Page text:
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New research suggests Africa is being used as a ‘testing ground’ for nation state cyber warfare

Global cybersecurity firm Performanta has revealed new insight into the role developing countries play in the ransomware ecosystem


London, UK. Wednesday, 24th April 2024: Performanta, the multinational cybersecurity firm specialising in helping companies move beyond security to achieve cyber safety, has uncovered a trend in how developing countries are being targeted by nation state actors.

 

The firm’s analysis explored the origins and characteristics of Medusa, a ransomware-as-a-service targeting organisations globally. The patterns suggest that developing countries are hit first with a trend that shows a rising impact on developed countries. It implies that ransomware activities are not entirely random and a strategy is in place to focus on organisations within developing countries as their initial targets.

 

Guy Golan, CEO and Executive Chairman of Performanta, states: “Our analysis suggests that BRICS nations, and particularly the African continent, have become a testing ground for nation-state attacks. In order to achieve a more cyber safe environment for all organisations globally, we need to increase awareness of this growing issue. It is only through understanding the trends and patterns of geopolitical cyber warfare that will enable us to bring clarity to the global threat landscape.”

 

Performanta’s research has delved into precisely how attackers are using Africa, and the extent to which the region is under major threat.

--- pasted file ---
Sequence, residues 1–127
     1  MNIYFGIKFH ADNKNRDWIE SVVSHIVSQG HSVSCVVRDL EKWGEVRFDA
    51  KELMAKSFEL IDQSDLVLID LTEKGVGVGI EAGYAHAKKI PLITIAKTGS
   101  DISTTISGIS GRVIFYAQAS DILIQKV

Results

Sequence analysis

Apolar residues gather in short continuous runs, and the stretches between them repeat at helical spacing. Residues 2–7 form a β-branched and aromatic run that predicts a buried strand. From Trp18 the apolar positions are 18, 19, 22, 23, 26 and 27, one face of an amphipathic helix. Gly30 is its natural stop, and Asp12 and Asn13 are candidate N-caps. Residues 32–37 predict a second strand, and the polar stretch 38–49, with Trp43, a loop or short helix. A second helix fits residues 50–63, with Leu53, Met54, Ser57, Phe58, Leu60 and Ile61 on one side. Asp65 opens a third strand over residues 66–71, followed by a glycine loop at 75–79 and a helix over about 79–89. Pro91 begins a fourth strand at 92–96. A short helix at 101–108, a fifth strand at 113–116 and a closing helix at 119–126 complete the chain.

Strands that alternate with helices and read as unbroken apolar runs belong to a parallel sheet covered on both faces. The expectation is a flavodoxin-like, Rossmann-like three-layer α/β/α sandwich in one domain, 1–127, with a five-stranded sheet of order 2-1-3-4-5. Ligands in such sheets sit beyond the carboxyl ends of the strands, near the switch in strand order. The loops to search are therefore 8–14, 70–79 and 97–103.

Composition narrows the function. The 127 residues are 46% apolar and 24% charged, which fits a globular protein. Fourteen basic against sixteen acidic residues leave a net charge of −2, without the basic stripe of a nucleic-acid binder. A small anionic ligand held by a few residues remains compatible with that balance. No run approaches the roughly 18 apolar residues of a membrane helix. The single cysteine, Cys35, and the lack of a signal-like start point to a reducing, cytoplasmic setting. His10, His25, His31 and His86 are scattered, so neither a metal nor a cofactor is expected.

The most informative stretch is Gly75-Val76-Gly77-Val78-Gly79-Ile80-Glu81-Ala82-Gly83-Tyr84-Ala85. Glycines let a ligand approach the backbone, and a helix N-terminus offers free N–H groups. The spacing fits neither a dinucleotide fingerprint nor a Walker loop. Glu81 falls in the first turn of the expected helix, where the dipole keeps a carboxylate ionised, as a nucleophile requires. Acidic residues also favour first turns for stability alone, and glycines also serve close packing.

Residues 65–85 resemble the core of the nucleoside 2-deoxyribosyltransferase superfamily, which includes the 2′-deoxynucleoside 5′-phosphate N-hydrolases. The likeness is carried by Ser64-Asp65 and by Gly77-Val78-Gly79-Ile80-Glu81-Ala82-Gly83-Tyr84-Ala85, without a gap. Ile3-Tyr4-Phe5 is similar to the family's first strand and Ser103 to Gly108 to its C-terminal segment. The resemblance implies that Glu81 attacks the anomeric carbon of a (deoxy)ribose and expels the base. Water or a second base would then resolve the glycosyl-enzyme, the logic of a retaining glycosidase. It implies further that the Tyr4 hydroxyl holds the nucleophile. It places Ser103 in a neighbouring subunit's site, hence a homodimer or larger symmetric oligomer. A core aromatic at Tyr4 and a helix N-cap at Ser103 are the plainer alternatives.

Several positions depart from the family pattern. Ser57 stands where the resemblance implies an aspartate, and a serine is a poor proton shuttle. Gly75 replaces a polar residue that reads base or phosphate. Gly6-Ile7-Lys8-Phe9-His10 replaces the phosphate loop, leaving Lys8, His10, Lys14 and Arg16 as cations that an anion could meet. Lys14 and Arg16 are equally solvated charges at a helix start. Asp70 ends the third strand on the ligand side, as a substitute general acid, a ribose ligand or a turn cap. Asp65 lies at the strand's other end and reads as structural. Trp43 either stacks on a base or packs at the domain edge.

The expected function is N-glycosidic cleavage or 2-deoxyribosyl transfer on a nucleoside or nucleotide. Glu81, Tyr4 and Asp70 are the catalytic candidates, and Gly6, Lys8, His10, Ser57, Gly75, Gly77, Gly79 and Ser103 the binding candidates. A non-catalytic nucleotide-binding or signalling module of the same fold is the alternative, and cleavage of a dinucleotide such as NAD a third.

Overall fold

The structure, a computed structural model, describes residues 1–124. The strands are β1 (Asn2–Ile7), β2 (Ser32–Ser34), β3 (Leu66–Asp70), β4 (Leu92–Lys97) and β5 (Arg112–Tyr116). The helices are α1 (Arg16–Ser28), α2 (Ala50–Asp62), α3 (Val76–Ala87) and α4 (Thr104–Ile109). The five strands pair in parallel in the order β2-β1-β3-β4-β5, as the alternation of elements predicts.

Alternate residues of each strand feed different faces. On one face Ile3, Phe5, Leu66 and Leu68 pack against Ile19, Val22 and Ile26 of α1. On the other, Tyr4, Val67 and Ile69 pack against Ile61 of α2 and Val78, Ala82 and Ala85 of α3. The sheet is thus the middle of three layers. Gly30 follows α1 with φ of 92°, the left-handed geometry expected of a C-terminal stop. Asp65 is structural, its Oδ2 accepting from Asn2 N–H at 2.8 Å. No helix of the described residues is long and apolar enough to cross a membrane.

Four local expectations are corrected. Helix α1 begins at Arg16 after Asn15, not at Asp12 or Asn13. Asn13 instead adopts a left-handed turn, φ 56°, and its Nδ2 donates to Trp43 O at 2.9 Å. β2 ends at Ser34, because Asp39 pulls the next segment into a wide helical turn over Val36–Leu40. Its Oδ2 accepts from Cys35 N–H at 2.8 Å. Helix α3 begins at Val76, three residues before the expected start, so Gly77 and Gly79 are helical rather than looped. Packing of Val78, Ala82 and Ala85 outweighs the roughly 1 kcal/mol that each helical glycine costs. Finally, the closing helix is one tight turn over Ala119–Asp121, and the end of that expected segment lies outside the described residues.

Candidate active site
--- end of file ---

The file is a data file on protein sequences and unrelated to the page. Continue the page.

In South Africa, a 10-year review of the cyber threat landscape found that the most prevalent perpetrators of attackers were trained hackers, and the top three most likely targeted industries on the continent are finance, manufacturing and energy. This poses a serious problem, with the average successful nation-state-backed cyber attack costing an average of $1.6 million per incident.

 

Performanta’s report also reveals a large increase in financial/banking trojans with a 59% increase in Kenya and a 32% increase in Nigeria across a single quarter.

 

Golan continues: “Attackers likely perceive attacking Africa to have fewer risks to themselves than directly attacking the West, and as a bridge to the Western world, it’s likely that methods are tried and tested in Africa first, before being deployed across developed countries later. As an emerging economy, Africa may have become an entry point for attackers aiming to access and disrupt Western assets indirectly. No matter the reasoning, the West and Africa must implement long-term collaborative efforts to build a strong defence against this threat.”

 

With a strong foothold in both South Africa and the UK, Performanta is uniquely positioned to bridge the gap between nations to form a cyber safe defence against nation-state enemies.

 

For more information or to read Performanta’s full report, download here. 

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